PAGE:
(Bloomberg) — Oil posted its first weekly gain in three weeks as the European Union continued to debate how it can decrease its reliance on Russian exports and Saudi Arabian energy assets came under attack.
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Futures in New York gained $9.20 this week, the second biggest dollar gain since 2011. Oil reversed its losses earlier in Friday’s session as Yemen’s Houthi rebels claimed responsibility for a series of attacks on Saudi Aramco facilities, including an oil storage site in Jeddah. Saudi Arabia warned this week that crude supplies are at risk, and called on the U.S. to do more to counter attacks from the Iran-backed rebels.
The attack on Aramco facilities is likely to cause some short-term operational disruptions, and may temporarily reduce Saudi supply, said Rohan Reddy, a research analyst at Global X Management, a firm that manages $2 billion in energy-related assets. “The broader geopolitical issues that continue in the country could lead to lingering supply reductions, and put upside pressure on oil prices.”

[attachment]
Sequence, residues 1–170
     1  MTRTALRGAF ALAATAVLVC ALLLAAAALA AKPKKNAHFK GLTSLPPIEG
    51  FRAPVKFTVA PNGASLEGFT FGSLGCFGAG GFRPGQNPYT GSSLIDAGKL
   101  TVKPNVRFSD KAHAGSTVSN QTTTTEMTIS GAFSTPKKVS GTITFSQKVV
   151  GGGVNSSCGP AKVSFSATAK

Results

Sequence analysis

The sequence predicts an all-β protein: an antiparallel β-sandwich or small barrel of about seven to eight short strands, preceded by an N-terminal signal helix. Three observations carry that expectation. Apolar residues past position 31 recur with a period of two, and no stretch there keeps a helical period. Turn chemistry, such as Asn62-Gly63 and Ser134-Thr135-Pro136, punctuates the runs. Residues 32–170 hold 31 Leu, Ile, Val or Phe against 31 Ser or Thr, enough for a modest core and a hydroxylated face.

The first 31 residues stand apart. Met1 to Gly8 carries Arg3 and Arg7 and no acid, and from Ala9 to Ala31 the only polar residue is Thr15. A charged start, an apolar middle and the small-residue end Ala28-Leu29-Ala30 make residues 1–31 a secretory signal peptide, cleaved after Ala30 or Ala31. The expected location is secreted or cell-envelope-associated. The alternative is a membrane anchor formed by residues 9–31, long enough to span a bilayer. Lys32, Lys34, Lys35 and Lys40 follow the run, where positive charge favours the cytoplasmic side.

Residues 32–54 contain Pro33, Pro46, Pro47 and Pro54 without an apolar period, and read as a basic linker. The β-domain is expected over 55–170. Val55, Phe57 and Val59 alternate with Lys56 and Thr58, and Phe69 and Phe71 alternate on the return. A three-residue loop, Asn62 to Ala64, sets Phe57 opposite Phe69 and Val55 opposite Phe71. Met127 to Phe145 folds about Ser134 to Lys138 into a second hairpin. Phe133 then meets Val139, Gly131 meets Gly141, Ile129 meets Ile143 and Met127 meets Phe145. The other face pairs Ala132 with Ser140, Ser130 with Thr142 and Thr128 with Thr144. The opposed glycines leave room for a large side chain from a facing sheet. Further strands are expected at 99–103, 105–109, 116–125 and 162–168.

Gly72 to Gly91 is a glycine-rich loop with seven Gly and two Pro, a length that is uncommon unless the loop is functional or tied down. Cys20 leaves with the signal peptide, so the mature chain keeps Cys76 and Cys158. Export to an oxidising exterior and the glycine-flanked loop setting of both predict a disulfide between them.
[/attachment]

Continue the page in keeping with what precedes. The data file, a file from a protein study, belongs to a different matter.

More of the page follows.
Oil is up this week as the war in Ukraine continues to roil an already tight commodities market. The U.S. and U.K. have moved to bar Russian oil in response to the invasion and many energy firms are also choosing to shun the nation’s crude. Yet buyers in China and India appear to be soaking up some of those barrels. Russia is now aiming to ship the largest amount of its flagship Urals crude in almost three years next month, dangling a supply carrot to oil refineries in Europe who face surging energy prices.
EU industrial powerhouse Germany has said it plans to quickly wean itself off Russian fossil fuels, though warned an immediate embargo is not possible because of the damage it would cause to Europe’s biggest economy. The task will be difficult, especially without decreasing Germany’s demand at the same time. Austria also said it won’t agree to an embargo of Russian oil and gas, calling the ban “unrealistic” for the country.
Oil markets remain backwardated, a bullish pattern marked by higher prices for near-term barrels than those further out. Brent’s prompt spread — the difference between its two nearest contracts — was $3.28 a barrel on Friday, up from 41 cents at the start of the year. Initial margins have also surged, adding to trading costs and compounding the retreat by traders.
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